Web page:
Hezbollah and its sponsors in Tehran and Damascus have forced Hariri to do a number of things lately — to give it veto power in his government’s cabinet and to surrender to its continuing existence as a warmongering militia that threatens to blow up the country again by picking fights with the Israelis.
Hariri and his allies in parliament resisted an extraordinary amount of pressure on these points for months before caving in, but cave in they did. They didn’t have much choice. The national army isn’t strong enough to disarm Hezbollah,
and unlike Iran’s tyrant Ali Khamenei, Hariri doesn’t have his own private army. Hezbollah militiamen surrounded his house last year and firebombed his TV station when the government shut down its illegal surveillance system at the airport. At the end of the day, Hariri has to do what Hezbollah and its friends say unless someone with a bigger stick covers his back when push comes to shove.
No one has Hariri’s or Lebanon’s back, not anymore. He and his allies in the “March 14″ coalition have sensed this for some time, which is why Druze leader Walid Jumblatt has grudgingly softened his opposition to Assad and Hezbollah lately. When Hariri went to Damascus, everyone in the country, aside from useless newswire reporters, understood it meant Syria has re-emerged as the strong horse in Lebanon.
Walid Jumblatt is another member of what David Schenker calls the Murdered Fathers Club. Assad’s ruthless late father, Hafez Assad, put Jumblatt through a similarly gruesome experience back in the 70s during the civil war. First Assad murdered Walid’s father, Kamal, then summoned the surviving Jumblatt to Damascus and forced him to shake hands and pledge his allegiance. Who can even imagine what that must have felt like? Hariri knows now, and Jumblatt still tells everyone he meets all about it.
Hariri generally doesn’t like having long conversations with journalists on the record because he doesn’t want to calculate how everything he says will be simultaneously interpreted in Lebanon, Syria, Iran, Israel, the United States, France, and Saudi Arabia. I can’t say I blame him. He lives under virtual house arrest as it is, with barely more freedom of movement than Hassan Nasrallah. Here is something he said, though, back when it was safer for him to do so: “Action must be taken against Syria, like isolation, to make the Syrians understand that killing members of [Lebanon's] parliament will have consequences.”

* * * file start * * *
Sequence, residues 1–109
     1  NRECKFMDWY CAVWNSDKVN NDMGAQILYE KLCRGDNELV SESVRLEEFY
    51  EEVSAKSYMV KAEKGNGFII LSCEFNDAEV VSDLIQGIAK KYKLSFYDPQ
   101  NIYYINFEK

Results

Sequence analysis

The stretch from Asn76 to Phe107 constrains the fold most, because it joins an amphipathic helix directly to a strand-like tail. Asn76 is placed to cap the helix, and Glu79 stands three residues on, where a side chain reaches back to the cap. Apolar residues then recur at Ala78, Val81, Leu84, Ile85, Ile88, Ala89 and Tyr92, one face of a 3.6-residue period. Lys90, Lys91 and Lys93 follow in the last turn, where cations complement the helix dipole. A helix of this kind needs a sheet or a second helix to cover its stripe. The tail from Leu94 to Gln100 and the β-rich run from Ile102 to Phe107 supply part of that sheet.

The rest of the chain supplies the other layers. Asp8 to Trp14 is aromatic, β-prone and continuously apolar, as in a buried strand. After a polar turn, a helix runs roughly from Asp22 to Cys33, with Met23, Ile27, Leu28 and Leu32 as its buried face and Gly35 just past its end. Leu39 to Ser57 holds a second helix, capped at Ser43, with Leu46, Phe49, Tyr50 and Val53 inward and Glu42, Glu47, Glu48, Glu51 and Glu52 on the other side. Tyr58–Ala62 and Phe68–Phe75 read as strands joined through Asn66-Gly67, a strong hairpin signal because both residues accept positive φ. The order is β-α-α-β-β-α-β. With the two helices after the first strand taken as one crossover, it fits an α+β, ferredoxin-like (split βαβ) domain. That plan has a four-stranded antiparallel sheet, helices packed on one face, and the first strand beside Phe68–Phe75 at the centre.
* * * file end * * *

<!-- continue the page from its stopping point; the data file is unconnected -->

The U.S. and France did effectively isolate Assad with Saudi assistance when George W. Bush and Jacques Chirac were in charge, but presidents Barack Obama and Nicolas Sarkozy think they can save the Middle East by “engaging” its most toxic leaders. Syria, therefore, is no longer isolated. Lebanon’s little anti-Syrian government doesn’t stand a chance under these circumstances, especially not when Hezbollah is the dominant military power in the country.
“It’s a dangerous game these people are playing,” Lebanese activist and political analyst Eli Khoury said last time I spoke with him in Beirut, “but I think it’s only a matter of time until the newcomers burn their fingers with the same realities that we’ve seen over and over again. I’ve seen every strategy: Kissinger’s step-by-step approach, full engagement — which means sleeping with the enemy, basically — and the solid stand as with the Bush Administration. I’ve seen them all. The only one that works so far in my opinion, aside from some real stupid and dumb mistakes, is the severing of relationships. It made the Syrians behave.”
It did make the Syrians behave a bit for a while, but now the U.S., France, and Saudi Arabia are bringing Assad in from the cold and giving him cocoa. His influence, naturally, is rising again, in Lebanon and everywhere else. That’s good news for Hezbollah, of course, which means it’s also good news for Iran. It’s bad news for the Lebanese, the Americans, the French, the Saudis, and the Israelis. None of this was inevitable, but — in Lebanon, at least — it was predictable.